It's not often that I like a book so listen up and listen wellIf someone had given me the bare bones outline of Tipping the Velvet and suggest I read it I'd have kindly told them to piss off I have a job a kid to raise and an already low tolerance for contemporary fiction A book about cross dressing lesbians in Victorian England wouldn't spark enough interest in me to get past the title pageSilly me Good thing I thought that tipping the velvet was a reference to the theater hint it's not and mistakenly believed I was buying a book about East End actresses This mistake was a blessing and this novel renewed my faith in modern fiction Tipping the Velvet carries a variety of themes that have bored me since my first Women's Studies classes in college identity cross dressing gender roles and sexuality Yet alongside these nearly foreign concepts were the universal themes found in all great works of literature passion lust betrayal scandal violence redemption and love So what did it leave me with? A book that shot a breath of life into all of those tired old themes A book I couldn't put down and not just for the positively raunchy and at times touching sex scenes that had me blushing to my hairline No What kept me hooked was the astoundingly good writingWhen describing being backstage at the theater after a performance I caught a glimpse of ladders and ropes and trailing gas pipes; of boys in caps and aprons wheeling baskets manoeuvring lights I had the sensation then and I felt it again in the years that followed every time I made a similar trip back stage that I had stepped into the workings of a giant clock stepped through the elegant casing to the dusty greasy restless machinery that lay all hidden from the common eye behind itWhen telling us about a dirty mirror we're told that the small looking glass was as cloudy and as speckled as the back of an old man's handWhen discussing the ways of her tyrannical lover There is a way rich people have of saying 'What?' The word is honed and has a point put on it; it comes out of their mouths like a dagger coming out of a sheath That is how Diana said it now in that dim corridor I felt it pierce me through and make me sag I swallowedYeah Writing like that will keep you up at night The hot sex scenes? The bizarre gender roles that previously would have left me uninterested? The story itself? All just added bonuses This chick could write about paint drying and make it fascinating She makes cross dressing hooking and other ahem unmentionables ; seem completely exciting alive and blessedly normal I love it Finally A work of fiction that doesn't suck or make me feel like I've gotten dumber by the time I've finished it KICKED ASS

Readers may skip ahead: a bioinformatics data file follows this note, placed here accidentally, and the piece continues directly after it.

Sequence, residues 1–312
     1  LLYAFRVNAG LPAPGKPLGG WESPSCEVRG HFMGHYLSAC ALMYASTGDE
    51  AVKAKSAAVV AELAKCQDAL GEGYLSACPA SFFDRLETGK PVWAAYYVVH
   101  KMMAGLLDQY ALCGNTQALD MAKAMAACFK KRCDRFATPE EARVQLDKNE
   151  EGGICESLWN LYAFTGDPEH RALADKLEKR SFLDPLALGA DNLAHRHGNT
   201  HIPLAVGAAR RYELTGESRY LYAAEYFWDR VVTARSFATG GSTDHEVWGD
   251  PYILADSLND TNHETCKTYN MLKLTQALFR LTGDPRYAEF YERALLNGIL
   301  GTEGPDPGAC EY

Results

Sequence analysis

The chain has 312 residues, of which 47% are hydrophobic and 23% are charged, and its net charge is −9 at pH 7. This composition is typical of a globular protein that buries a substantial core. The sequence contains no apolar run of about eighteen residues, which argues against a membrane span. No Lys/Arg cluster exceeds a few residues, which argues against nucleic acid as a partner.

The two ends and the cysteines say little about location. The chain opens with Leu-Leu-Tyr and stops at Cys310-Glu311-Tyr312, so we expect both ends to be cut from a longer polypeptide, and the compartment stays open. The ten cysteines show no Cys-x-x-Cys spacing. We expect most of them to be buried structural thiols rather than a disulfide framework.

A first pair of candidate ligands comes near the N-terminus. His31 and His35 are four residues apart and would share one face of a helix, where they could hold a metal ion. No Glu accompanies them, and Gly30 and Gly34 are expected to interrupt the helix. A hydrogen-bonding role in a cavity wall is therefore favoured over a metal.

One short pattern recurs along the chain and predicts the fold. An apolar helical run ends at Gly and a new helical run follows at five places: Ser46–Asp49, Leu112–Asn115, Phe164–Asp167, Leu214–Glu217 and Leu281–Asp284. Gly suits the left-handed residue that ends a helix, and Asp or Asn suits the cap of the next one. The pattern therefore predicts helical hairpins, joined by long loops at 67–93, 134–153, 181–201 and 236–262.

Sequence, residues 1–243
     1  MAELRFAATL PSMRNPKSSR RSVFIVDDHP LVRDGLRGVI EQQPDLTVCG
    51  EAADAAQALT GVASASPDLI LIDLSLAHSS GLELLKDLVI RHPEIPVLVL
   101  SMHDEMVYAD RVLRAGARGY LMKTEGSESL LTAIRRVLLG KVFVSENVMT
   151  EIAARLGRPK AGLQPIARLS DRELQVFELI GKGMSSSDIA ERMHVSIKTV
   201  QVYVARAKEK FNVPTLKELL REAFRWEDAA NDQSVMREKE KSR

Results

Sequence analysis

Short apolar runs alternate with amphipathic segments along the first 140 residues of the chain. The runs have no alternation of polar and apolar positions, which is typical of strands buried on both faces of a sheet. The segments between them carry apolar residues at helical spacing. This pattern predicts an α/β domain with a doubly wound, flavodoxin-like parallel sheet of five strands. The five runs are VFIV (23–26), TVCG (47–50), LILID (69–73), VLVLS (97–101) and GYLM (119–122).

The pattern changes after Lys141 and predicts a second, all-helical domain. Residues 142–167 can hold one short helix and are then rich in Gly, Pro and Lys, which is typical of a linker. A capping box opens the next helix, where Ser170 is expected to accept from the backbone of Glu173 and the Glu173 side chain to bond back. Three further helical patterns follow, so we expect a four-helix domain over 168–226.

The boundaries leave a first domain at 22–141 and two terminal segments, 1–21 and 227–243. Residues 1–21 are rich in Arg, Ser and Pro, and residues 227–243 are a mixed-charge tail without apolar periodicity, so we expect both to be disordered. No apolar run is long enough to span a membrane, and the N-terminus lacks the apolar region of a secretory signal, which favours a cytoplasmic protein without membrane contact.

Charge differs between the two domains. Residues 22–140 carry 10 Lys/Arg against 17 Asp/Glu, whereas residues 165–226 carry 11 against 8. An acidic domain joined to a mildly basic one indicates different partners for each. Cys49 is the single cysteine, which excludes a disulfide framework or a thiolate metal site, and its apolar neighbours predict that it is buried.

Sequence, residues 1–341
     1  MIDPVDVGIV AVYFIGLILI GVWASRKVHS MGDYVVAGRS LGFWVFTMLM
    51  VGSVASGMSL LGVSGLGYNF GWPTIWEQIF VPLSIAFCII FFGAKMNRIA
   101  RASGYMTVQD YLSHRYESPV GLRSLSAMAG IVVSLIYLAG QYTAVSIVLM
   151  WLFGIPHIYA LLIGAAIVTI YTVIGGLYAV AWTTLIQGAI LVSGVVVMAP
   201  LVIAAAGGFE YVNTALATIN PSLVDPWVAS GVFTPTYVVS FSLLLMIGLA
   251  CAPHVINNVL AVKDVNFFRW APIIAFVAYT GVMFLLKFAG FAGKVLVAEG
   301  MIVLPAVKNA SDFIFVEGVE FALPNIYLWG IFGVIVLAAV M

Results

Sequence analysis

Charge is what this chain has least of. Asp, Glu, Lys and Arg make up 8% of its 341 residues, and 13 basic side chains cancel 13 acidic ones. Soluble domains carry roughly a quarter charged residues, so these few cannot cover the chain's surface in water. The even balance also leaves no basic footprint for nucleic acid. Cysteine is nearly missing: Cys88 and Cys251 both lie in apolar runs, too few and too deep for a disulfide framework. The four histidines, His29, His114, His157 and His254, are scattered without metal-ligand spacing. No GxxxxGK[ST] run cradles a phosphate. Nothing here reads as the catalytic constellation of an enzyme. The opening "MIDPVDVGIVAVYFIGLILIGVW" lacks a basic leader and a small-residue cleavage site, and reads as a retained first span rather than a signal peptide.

2. Matt Matt says: